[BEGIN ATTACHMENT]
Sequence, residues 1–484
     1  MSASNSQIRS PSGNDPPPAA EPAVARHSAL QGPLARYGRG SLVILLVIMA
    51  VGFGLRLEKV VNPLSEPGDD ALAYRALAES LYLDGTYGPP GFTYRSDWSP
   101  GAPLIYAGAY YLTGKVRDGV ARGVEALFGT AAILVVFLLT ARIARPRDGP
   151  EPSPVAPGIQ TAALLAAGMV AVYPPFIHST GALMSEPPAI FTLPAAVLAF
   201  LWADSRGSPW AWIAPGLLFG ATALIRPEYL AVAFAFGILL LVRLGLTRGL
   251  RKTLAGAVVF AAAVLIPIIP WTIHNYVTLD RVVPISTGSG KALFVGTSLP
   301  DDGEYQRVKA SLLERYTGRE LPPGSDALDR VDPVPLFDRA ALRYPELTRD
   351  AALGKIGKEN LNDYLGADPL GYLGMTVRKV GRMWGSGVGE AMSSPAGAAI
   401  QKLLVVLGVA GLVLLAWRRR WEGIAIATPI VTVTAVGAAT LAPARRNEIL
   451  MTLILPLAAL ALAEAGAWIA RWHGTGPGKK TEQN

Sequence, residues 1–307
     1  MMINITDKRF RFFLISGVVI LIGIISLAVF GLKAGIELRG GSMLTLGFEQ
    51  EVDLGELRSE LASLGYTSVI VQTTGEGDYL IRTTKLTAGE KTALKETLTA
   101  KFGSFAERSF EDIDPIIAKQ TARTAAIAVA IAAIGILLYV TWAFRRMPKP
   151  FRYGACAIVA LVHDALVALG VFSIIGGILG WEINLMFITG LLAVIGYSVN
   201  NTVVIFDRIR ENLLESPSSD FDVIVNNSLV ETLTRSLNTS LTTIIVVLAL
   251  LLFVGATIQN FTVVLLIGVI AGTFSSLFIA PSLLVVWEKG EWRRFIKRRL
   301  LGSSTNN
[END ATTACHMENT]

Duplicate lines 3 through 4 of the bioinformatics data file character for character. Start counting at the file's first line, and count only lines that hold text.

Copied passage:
    51  VGFGLRLEKV VNPLSEPGDD ALAYRALAES LYLDGTYGPP GFTYRSDWSP
   101  GAPLIYAGAY YLTGKVRDGV ARGVEALFGT AAILVVFLLT ARIARPRDGP